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Figment is a surreal puzzle game that takes place entirely inside the mind. The whimsy of its rich, colorful illustrations is matched by the fact that it actually features musical numbers. Developer Bedtime Digital Games has been working on it for 3 years now, and it’s finally launching later this year on PC, PlayStation 4, and Xbox One.

I played a demo version and interviewed Bedtime’s CEO Klaus Pedersen last month at Brazil’s Independent Games Festival, where Figment picked up the prize for Best Narrative. It’s a spiritual successor to Bedtime’s first title, Back to Bed, which was a similar kind of surreal puzzler. This time, the studio tried to introduce more exploration and design the gameplay and environment to reflect the narrative more.

“We got feedback that a lot of people enjoyed Back to Bed – the visuals, the creative worlds,” said Pedersen. “But they enjoyed different gameplay, more gameplay that would allow for exploration and discovery of this universe, this world we were running around, these dreamscapes. That’s where the basis of Figment came from.”

We never see the person whose mind we’re in. Instead, I played as Dusty, who represents the person’s courage. At the start of the adventure, he’s been ignored for so long that he’s basically given up and only cares about hanging out on his porch. His sidekick Piper rouses him from his complacency and warns him that the mind is suddenly being plagued by nightmares. Of course, it’s up to him to chase down the nightmares and defeat them, solving puzzles and slaying enemies along the way.


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“We leave clues all around the game, in the beginning and the end. What is this whole thing about? Why is the mind filled with nightmares?” said Pedersen. “We also have these collectibles, which are kind of like memories from the childhood of the person whose mind we’re in.”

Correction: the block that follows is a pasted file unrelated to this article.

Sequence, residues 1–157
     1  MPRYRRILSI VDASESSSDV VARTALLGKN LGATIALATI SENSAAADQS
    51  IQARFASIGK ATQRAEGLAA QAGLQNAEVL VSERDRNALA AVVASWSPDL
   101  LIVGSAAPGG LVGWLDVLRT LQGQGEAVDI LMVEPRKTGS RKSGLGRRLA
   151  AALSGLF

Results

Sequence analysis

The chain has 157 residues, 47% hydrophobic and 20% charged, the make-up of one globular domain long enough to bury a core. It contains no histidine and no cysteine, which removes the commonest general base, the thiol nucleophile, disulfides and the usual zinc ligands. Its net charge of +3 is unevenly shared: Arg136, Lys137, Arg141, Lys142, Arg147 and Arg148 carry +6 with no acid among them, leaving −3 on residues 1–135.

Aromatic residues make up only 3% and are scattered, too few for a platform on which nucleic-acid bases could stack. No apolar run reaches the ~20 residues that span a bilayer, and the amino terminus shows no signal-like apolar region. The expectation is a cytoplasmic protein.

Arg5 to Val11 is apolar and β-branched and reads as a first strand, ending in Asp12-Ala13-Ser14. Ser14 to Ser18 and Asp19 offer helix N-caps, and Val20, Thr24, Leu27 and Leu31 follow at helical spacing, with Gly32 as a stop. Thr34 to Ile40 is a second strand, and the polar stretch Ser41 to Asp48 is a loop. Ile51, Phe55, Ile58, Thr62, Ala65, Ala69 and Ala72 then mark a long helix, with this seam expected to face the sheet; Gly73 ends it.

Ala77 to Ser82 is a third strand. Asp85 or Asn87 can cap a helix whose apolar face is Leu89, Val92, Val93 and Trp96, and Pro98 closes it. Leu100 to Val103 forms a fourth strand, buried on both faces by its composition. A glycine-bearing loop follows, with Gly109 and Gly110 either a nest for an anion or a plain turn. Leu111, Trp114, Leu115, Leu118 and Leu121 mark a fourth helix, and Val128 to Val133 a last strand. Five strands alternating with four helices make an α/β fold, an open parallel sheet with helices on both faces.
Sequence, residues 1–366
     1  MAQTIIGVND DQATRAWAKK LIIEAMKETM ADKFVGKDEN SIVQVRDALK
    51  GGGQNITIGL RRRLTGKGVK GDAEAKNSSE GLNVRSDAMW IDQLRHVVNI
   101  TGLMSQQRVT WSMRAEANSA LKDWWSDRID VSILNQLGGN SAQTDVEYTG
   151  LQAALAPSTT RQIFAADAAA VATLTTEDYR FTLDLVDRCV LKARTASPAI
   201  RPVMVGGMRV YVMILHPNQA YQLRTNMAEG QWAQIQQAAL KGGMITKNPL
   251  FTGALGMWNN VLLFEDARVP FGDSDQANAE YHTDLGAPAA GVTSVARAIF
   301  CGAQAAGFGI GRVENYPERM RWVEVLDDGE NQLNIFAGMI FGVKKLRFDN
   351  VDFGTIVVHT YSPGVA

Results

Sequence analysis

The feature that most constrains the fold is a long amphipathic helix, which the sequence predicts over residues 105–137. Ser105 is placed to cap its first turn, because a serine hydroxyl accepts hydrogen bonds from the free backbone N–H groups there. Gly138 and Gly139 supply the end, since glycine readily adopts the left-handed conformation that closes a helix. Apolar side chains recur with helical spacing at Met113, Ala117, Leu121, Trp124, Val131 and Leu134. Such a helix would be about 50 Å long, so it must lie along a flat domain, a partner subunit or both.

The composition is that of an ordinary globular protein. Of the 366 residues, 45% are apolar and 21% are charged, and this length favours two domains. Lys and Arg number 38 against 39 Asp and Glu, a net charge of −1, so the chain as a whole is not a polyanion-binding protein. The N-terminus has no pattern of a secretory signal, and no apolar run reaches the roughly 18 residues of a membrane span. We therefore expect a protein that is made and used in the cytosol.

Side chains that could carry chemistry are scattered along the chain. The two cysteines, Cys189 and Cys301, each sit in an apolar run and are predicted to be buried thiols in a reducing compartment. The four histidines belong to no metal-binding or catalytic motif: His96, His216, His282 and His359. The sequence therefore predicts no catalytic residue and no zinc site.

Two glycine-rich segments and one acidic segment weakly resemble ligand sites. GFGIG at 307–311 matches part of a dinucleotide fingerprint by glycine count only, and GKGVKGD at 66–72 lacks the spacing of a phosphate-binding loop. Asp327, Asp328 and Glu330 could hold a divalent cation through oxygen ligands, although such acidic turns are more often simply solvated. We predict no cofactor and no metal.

The collectibles — or Remembranes, as the game calls them — are optional. Pedersen says that they wanted the game to be accessible, so the puzzles and combat aren’t terribly difficult. But for players who are interested in a challenge or additional story, the Remembranes offer more difficult puzzles and more background information about the person’s mind.

Figment is split primarily into two sections — the creative part, which features areas like Originality Overpass, and the logical part, like Clockwork Junction. In Originality Overpass, instruments like lutes and trumpets sprout out of the ground, representing the character’s musical background. I found the design appealing; it reminded me of a kind of cheerful Salvador Dali painting.

The musical aspect of the game gives it even more personality. Every time I met a villain, they first introduced themselves with a musical number, each with a different style. One was inspired by the gravelly voice of Tom Waits; the second was lounge-y jazz.

“We thought it would be a really cool thing to introduce this whole whimsical world we created, where it felt natural for the player and the characters to just break out into dancing and singing,” said Pedersen. “It also gives us some new ways to tell a story. We could do a lot with the lyrics. It felt like a different approach than just having voice-over for the enemies.”

Figment has charm. Though I didn’t get to interact with any other characters aside from Piper and the nightmares I was chasing down, I still felt like there was enough world building. As I traversed the fantastical landscape, I occasionally found houses and could hear characters off screen. Pedersen also says that there are quite a few Easter eggs strewn about to reward exploration.

“We like the old point and click adventure games, where you could click on everything and find a funny bit of story hidden in some corner of the game,” said Pedersen. “There are lots of micro-narratives, almost, hidden throughout the entire game.”

Disclaimer: The BIG Festival organizers covered the travel costs for GamesBeat. Our coverage remains objective.

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